During the past two decades I have been privileged to share many family memories. One of the wonderful things about living in Aldbourne is that so many descendants still reside here. Through the power of social media it is possible to reach further afield, and sometimes instantly overseas. I’ve also been fortunate to have the support of like-minded individuals and professional library, museum and archive staff who have taken considerable time and trouble to help me tell just a few of Aldbourne’s stories.
Years ago I was given an insight into the Brown and Veitch family history; first via the Aldbourne Community Website Forum and emailing Paul Brown and, then more recently by directly corresponding with John Brown, Paul’s father. It was great to meet John this year for the first time at the Aldbourne Heritage Centre and chat about John’s father Clifford Brown – but that’s another story … Thanks to all of you for including me in the distribution of family photographs and this wonderful video and song.
For today, I’m thinking about one of the most evocative faces I’ve seen, a face that represents for me a haunting reflection of the generation of young men lost to their families in the 1914-1918 conflict. This young man is John Veitch, remembered alongside his father on the Aldbourne War Memorial Hall and also commemorated in this beautiful song. Watch. Listen. Remember.
Finding a peaceful half-hour to think about Thomas Fairchild in the early morning, an Aldbourne garden outside the window looking beautiful. Found this blog, and articles written this year about Thomas Fairchild – born Aldbourne 1667 – and the Vegetable Sermon this year at St Giles, Cripplegate.
Thomas Fairchild (c.1667-1729); Department of Plant Sciences; http://www.artuk.org/artworks/thomas-fairchild-c-16671729-220972
Thomas Fairchild was one of the greatest horticulturists of the 18thc. But his contribution was not confined to his own age but extends right up to today. That might sound a bit over the top – and perhaps it is – but as you will soon discover I’m a great fan of this humble Hoxton nurseryman. Professional to his fingertips not only did his tiny nursery ground overflow with unusual plants, he fought to raise the profile and status of horticulture through the Worshipful Company of Gardeners, was the first person known to have deliberately hybridized plants, and the first to write about the pleasures and pitfalls of gardening in London in his book, The City Gardener.
Old St Leonard’s Church, Shoreditch which would have been the church Fairchild knew. Part of the tower collapsed during a service in 1716 & the church…
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St Giles Cripplegate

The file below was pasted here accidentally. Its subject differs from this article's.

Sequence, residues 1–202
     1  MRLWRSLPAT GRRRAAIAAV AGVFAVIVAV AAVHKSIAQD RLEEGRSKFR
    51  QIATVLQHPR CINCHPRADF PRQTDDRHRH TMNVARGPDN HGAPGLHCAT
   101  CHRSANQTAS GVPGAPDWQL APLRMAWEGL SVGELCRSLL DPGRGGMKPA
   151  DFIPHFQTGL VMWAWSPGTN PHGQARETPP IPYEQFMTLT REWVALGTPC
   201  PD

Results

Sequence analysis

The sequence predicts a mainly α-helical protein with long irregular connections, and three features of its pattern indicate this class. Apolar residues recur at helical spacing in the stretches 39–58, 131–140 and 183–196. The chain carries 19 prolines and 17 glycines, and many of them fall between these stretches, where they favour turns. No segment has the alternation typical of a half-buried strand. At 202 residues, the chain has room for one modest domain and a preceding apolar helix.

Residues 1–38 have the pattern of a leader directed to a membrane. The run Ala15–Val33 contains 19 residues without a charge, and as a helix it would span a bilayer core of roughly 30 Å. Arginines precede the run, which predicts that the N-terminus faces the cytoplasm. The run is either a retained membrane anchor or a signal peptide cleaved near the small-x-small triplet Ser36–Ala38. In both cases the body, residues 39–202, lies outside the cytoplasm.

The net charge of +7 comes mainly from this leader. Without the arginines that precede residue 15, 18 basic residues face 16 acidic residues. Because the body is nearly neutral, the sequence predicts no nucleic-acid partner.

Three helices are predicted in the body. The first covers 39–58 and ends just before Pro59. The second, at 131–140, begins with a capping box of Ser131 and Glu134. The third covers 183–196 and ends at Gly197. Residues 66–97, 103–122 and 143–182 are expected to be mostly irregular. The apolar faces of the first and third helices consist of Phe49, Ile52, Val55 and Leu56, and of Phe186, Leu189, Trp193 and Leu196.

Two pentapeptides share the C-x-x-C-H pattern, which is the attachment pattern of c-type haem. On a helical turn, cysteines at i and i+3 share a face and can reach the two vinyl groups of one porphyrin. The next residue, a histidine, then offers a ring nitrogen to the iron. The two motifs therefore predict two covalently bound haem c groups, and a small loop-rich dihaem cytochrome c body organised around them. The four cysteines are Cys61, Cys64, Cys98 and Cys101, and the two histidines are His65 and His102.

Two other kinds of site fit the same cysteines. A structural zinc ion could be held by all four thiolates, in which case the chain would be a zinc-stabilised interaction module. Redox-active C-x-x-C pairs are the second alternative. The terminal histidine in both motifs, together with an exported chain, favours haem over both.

David Marsh, June 2017
Thomas Fairchild, the 18thc London gardener and subject of a recent post, was more than just a great London nurseryman and striver for professional unity and strength, he was also highly inquisitive – or what his contemporaries would have called “curious”. He combined his intellectual curiosity with a strong religious faith and in his will he bequeathed £25 to the churchwardens of St Leonard’s Church in Shoreditch for an annual lecture to be given on the Tuesday after Pentecost. He specified two possible subjects: “The wonderful works of God in Creation” or “On the certainty of the resurrection of the dead, proved by certain changes of the animal and vegetable parts of Creation,” and this has resulted in the event being sometimes nicknamed the “Vegetable Sermon.”
The Arms of the Worshipful Company of Gardeners from the 1616 Charter
After a somewhat chequered history it…
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New archaeological surveys reveal unique square megalithic monument at the heart of the World Heritage Site.
Archaeologists have found a striking and apparently unique square monument beneath the world famous Avebury stone circle in Wiltshire.
The UNESCO World Heritage Site, cared for by the National Trust, was built over several hundred years in the 3rd millennium BC and contains three stone circles – including the largest stone circle in Europe which is 330m across and originally comprised around 100 huge standing stones.
A research team led by the University of Leicester and University of Southampton used a combination of soil resistance survey and Ground-Penetrating Radar to investigate the stone circle.
Their work was funded by the Arts and Humanities Research Council (AHRC) and supported by the National Trust, as well as archaeologists from the University of Cambridge and Allen Environmental Archaeology.
Dr Mark Gillings, Academic Director and Reader in…
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Clifford Brown and ‘the best fish and chips for miles’, with thanks to John and Paul Brown for sharing their family photos and for many entertaining chats via email and the Aldbourne Net Forum
We’ve just returned from a holiday in Dorset, where I discovered the newly refurbished Bridport Museum With a friendly welcome from the volunteers in reception and the opportunity to browse the light, bright and informative displays, it was a lovely way to spend an afternoon. Spotting two rumbler bells of a very familiar design was a bonus!